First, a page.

In Europe, for instance, the immigration issue is very hot and CLC communities are also deeply involved at various levels, like legal issues, health care, etc. Besides such activities with homeless, HIV street children and immigrants at the local level, there is an important and more universal different level also. CLC is a registered international NGO at the UN. In fact, there are 2 groups, one located in Geneva and the other at the Headquarters of the UN. It really makes an impact because at the local levels CLC is active also with issues of fresh water, health, women and a series of social issues.
I heard from Fr. Hanafusa, the CLC-Japan Ecclesial Assistant, about the relationships of CLC with the schools of "Fe y Alegria" in Latin America. How about it?

Yes, this is very interesting. Chile, for instance, was the only Latin American country without Fe y Alegria. In Santiago there are more than 900 small CLC communities (8 to 12 people), with three levels: high school, university, adults. There is there a small CLC community where most members are teachers. They focused their activities on the street children of Santiago City. They gathered information and visited Fe y Alegria in other countries of Latin America to do research on their activities and contact their leaders. Then, before starting any project contacted the Jesuit provincial to discuss the matter with him. Two married couples and a former Minister of Economy of a former Chilean government, also a CLC member, met with the Jesuit provincial to present him a very well-designed educational program, according to Chilean legislation and with the possibility of obtaining public funds. The provincial, recognizing the wonderful educational work done by Fe y Alegria, told them candidly that he could not have any Jesuit available for the work. The CLC members told him: "It doesn't matter. We are ready to do it." Seemingly the provincial remained without words. This is how Fe y Alegria started to function in Chile. At present, there are 9 educational centers active around Santiago de Chile caring for the education of more than 3,000 children.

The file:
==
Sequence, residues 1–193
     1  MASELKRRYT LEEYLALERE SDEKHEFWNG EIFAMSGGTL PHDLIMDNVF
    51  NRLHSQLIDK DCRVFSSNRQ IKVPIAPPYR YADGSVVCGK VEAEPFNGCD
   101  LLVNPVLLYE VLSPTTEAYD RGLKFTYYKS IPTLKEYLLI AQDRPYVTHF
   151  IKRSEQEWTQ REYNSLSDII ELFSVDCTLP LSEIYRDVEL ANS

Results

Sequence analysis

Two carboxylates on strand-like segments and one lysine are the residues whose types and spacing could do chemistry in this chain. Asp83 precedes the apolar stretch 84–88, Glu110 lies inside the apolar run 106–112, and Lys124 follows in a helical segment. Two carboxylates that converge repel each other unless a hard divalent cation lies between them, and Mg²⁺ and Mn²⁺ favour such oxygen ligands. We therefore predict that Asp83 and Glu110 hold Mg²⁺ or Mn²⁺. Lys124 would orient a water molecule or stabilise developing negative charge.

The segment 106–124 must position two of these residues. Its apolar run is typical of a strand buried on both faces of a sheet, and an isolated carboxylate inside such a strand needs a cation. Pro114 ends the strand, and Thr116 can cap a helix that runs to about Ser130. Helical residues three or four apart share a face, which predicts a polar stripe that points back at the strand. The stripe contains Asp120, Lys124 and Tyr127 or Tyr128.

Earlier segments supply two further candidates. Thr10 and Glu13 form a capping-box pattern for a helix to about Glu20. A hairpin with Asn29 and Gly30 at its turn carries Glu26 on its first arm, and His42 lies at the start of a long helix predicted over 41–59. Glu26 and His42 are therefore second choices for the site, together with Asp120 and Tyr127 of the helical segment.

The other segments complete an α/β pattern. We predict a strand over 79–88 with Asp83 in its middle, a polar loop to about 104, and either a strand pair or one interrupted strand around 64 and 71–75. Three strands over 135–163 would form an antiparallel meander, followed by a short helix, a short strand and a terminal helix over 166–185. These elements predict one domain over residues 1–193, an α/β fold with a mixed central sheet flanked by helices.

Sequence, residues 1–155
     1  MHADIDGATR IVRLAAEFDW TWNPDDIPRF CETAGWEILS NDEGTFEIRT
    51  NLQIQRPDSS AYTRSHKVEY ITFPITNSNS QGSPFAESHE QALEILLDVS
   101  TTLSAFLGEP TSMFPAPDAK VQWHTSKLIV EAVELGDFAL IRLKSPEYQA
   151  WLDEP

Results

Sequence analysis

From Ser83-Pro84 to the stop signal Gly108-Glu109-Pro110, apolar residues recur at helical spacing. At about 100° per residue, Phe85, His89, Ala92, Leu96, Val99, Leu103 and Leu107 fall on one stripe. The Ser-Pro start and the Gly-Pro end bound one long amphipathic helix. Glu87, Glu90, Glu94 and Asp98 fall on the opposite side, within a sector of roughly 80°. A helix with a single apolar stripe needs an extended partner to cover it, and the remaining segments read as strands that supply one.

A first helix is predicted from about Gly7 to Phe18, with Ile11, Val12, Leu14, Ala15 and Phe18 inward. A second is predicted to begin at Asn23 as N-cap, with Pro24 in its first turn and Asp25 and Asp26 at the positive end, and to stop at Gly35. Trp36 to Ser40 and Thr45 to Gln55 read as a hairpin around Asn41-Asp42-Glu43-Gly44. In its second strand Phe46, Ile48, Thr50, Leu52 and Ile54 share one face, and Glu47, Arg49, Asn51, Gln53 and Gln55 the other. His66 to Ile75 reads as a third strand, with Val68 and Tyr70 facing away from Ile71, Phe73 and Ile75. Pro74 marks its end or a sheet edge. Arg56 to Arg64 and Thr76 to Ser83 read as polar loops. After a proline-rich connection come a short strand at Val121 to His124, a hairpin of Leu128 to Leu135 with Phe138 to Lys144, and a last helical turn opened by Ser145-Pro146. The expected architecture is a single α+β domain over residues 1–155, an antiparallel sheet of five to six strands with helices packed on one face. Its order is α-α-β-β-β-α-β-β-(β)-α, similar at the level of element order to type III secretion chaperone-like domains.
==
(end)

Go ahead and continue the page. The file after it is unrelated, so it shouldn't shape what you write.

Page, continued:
Going back to the former point of the relationship between CLC spirituality and social apostolate, there are no special common endeavors in Japan. Three months ago Fr. Jean-Yves Calvez was the key speaker at the celebration of the 25th anniversary of our Tokyo social center. In that occasion he mentioned the common cooperation that has started at the Jesuit Curia between the Social Justice Secretariat and the Center for Ignatian Spirituality. How do such efforts affect the CLC movement?